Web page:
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Nick Denton vs. Steve Jobs – The 11th Hour

As the rumored release date of the Apple Tablet nears (January 27th, according to numerous sources), so too, it would seem, does the end of Nick Denton’s mad quest to make Steve Jobs get serious about their relationship and sue him already.  It promises to be interesting.

Back on January 13th, Valleywag, the Silicon Valley subsidiary of Gawker Media, cut the ribbon on a “scavenger hunt” for information about the Apple Tablet.  A spectrum of gifts and payments were guaranteed Apple employees able to describe or produce pics of the fabled gadget.  Gabriel Snyder reserved the Grand Prize of one hundred thousand dollars for the first person to deliver a Tablet to him and let him fondle it for an hour.  (Just a little gross, right?)  Buzz about the Tablet, whose existence has yet to be officially confirmed by Apple, had titillated tech-gossip circles for months.  Valleywag was evidently determined to get the scoop.

Of course, what Gawker modestly considers a “scavenger hunt” more ordinary earthlings might be tempted to call illegal.  That, in any event, was Jobs’s opinion, whose mania for secrecy is hardly a secret. Threatening further legal action, Apple’s attorneys responded by sending Gawker’s Editor-in-Chief a cease-and-desist letter, claiming Gawker and any employees they inveigled into dishing about the Tablet would be prosecutable under relevant Californian law for, among other offenses, “inducing breach of contract.”  Not missing a beat, Gawker posted excerpts of the letter online.  Touting it as a long-awaited confirmation of the Tablet’s reality, they awarded the letter’s author, with all possible pomp and impertinence, a DVD, a set of steak knives, and a gift card.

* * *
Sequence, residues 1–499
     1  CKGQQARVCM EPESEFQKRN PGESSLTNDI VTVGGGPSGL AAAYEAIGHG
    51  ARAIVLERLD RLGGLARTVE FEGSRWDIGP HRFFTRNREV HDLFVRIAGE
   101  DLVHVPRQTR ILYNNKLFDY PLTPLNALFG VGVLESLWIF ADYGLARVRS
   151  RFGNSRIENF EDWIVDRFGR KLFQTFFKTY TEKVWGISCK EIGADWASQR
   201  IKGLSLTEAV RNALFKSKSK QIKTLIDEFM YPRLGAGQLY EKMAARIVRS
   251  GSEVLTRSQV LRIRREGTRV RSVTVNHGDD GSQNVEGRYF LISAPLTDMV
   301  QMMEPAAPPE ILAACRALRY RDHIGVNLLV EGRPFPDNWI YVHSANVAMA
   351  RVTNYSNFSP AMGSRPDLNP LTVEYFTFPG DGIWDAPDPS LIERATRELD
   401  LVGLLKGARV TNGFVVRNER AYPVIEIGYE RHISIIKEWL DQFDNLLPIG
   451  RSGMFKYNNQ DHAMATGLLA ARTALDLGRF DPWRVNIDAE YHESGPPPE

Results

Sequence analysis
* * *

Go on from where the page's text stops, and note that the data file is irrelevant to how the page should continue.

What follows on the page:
A diverting tit for tat, to be sure.  But does it matter?  Slate’s Ben Sheffner, the only reporter so far to really scroll through the implications of the spat, thinks it might: “While Gawker’s approach [to obtaining information] is unconventional, it’s not so clear that it’s different in kind from what business reporters at mainstream publications do every day: convince employees to leak information their employers want to remain secret.”  And its worth noting that, alas, as far as we can tell the only thing that has come from this “game” has been the letter from Apple. Either way, whatever the next few days bring, look for both sides to continue shouting about how they outsmarted one another.

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